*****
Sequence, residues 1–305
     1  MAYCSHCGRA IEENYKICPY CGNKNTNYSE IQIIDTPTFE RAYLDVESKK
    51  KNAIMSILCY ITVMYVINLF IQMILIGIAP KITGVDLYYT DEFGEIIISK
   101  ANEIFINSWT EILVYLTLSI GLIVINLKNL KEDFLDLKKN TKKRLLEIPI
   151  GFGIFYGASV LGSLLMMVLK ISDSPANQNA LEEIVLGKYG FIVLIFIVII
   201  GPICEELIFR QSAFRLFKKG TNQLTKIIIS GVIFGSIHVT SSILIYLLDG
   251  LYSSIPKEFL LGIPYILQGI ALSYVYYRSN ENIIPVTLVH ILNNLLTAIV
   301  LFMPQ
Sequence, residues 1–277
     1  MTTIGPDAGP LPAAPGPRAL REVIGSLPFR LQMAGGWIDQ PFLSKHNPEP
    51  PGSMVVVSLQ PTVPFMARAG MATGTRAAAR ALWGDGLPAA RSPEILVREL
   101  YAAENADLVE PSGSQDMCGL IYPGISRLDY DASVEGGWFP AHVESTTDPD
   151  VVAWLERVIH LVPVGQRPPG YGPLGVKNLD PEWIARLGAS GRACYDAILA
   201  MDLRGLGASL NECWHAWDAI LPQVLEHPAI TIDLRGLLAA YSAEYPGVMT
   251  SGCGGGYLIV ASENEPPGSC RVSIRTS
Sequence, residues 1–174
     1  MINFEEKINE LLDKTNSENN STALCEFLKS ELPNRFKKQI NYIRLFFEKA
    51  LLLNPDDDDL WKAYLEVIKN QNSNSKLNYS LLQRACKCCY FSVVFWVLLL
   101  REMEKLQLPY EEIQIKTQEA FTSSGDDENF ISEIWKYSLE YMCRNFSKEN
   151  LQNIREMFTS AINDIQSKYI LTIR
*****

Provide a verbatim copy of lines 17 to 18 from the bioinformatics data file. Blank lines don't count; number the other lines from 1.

     1  MINFEEKINE LLDKTNSENN STALCEFLKS ELPNRFKKQI NYIRLFFEKA
    51  LLLNPDDDDL WKAYLEVIKN QNSNSKLNYS LLQRACKCCY FSVVFWVLLL